Climax
We've finally arrived to the big battle between the protagonist and antagonist. This is the place where there is the most tension between the two characters. It can be described as the point of no return for your character. Things are looking very grim for our hero. He or she must face their greatest challenge yet in order to achieve their goal. Make this struggle something that seems so hard for your character to overcome that your reader will wonder if the character will survive at all.  Your readers have an emotional connection with your protagonist and want him or her to succeed. This is the point where your protagonist finally defeats the antagonist.

Be careful when developing this area. You need to make the solution to this struggle something believable for the world you have created or you may loose your reader. Also if you are creating a series you may want to imprison the antagonist or banish the character unless you plan to raise him or her from the dead.

Falling Action
Your character has defeated his or her antagonist but the story isn't quite finished yet. Remember that goal you created for your hero? He or she will encounter two or three more obstacles that will decrease in tension before he or she meets their goal. This part of the story is the place where the reader is able to see how the experience has changed your character for the better. Since the antagonist has been defeated this is the perfect opportunity for some internal conflict or minor conflicts with the supporting characters.

Resolution
Your character has been through a great deal and has changed. This is the point where he or she reaches their goal but they are not the same person they were before they began their journey. This is the point of the story where the character begins a new life. You will want to show your audience what that new life looks like but not in so much detail that it takes several chapters to explain it all. Tie up your loose ends and if you plan to write a series leave something behind to tickle you reader's appetites for more.


Now that you have completed your story arch you're ready to lay it all down on a paradigm. Join me next week as I explain what that is and how it will enhance your writing.







14 comments:

  1. I am a total pantser, so all of this has to be done after the fact if it doesn't happen during the writing. But it still has to happen at some point.

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    1. I use to be like that. I completely understand what you are saying.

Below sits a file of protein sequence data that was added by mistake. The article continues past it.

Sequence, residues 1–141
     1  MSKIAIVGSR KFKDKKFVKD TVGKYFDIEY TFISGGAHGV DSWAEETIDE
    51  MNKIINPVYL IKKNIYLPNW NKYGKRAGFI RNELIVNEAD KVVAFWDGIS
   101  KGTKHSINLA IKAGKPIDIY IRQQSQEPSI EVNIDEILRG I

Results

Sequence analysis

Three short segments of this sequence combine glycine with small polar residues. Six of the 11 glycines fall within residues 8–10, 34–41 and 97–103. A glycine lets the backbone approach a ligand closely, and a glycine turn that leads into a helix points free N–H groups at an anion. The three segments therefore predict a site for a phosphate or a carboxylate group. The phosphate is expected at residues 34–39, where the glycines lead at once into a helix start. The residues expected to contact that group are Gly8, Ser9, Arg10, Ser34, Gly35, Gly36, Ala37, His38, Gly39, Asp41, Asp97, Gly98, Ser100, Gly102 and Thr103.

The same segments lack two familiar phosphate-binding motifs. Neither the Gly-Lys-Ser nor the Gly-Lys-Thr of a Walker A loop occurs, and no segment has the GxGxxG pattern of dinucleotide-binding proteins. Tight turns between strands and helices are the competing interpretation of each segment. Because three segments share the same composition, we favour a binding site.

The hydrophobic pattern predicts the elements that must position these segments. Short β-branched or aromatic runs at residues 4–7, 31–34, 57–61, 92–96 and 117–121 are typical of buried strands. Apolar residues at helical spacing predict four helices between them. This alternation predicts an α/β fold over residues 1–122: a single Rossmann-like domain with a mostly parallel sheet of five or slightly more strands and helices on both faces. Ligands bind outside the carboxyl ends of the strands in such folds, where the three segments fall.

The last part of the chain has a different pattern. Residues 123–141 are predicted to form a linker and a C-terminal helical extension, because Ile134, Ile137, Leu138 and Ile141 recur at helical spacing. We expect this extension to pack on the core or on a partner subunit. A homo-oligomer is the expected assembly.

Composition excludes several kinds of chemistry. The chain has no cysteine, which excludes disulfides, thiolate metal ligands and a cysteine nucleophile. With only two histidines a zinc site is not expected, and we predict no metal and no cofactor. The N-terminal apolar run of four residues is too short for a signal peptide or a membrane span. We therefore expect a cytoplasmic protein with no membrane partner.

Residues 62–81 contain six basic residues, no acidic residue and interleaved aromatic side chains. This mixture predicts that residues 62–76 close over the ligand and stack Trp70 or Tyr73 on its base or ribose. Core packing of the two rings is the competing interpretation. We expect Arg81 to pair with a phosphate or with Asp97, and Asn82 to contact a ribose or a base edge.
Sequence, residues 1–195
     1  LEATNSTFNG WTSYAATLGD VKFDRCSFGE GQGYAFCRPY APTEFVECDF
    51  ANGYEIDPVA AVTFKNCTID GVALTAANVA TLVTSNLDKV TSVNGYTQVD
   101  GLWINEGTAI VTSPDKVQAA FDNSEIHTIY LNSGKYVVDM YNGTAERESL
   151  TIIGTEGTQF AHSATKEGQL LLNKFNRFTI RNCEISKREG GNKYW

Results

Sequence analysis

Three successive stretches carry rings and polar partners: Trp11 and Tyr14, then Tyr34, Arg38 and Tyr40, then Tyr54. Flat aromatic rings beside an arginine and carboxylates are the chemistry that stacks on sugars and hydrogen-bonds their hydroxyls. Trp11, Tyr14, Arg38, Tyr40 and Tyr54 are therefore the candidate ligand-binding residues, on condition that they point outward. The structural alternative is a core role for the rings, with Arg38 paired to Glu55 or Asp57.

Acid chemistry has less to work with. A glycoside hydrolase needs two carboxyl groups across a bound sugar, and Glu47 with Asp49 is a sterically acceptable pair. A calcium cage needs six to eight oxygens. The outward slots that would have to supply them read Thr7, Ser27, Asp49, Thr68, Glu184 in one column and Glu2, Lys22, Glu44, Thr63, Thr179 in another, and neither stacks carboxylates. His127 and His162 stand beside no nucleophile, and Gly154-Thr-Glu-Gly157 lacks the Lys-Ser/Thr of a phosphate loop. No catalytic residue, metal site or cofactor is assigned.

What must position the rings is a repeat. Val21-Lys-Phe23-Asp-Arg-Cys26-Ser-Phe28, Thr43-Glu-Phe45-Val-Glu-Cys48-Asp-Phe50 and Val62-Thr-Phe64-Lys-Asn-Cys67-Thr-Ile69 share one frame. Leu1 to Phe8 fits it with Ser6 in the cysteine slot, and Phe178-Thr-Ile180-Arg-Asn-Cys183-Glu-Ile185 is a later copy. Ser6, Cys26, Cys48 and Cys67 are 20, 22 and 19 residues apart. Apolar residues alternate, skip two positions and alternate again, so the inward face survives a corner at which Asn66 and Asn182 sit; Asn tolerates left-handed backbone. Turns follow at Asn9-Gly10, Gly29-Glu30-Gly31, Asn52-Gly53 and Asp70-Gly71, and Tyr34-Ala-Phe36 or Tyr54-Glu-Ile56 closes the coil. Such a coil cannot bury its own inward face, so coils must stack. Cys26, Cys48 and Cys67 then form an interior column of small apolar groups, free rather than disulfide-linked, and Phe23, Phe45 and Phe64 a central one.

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  2. Great lesson on the story arch. It's always good to be reminded of the parts and how important they are. In fact, reading this finally made some of my review comments click. A lot of my falling action was cut and that's why people felt the conflict resolved too quickly. I'll have to make sure that doesn't happen with the sequel.

    Thanks for the reminder!

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    1. Thanks Charity. I have the same problem with the ending of a couple of books I am working on. I'm having to make it strong.

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  3. That is a very good explanation of a plot diagram. The points are simple, but good stories need all of them.

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  4. Thanks Allison. I always tend to plot with Joseph Campbell's The Hero's Journey embedded on my mind, having discovered The Hero with a Thousand Faces in late 70's and realised that the monomyth was at the heart of so much that I devoured. So great to have another way to see where I might be going wrong.

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    1. I love using Hero's Journey with the story arc and three act structure. I plan to talk about it in another post.

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  5. I really like what you said about the falling action. To often when I am reading a story, it just drops off after the climax. Readers want that cool down period where a bit more happens. Thanks for the reminder.
    Leanne ( http://readfaced.wordpress.com/ )

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    1. Thank you. I think that's a problem a lot of authors have when writing their story.

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  6. Allison, thank you so much for this post! It is extremely helpful. I consider myself a pretty hardcore plotter, but I have never once tried or even thought of developing the story arc from both the protagonist and the antagonist's POVs. Genius! Now that's a recipe for a more three-dimensional antagonist! I'm going to have to print out this worksheet and use it before I start writing my next book. Perfect timing :)

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    1. You're welcome. I had learned that trick in graduate school. It changed the way I write and strengthened my storyline.

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  7. Lots of good information here, Allison and stuff we need to know to get our stories written properly.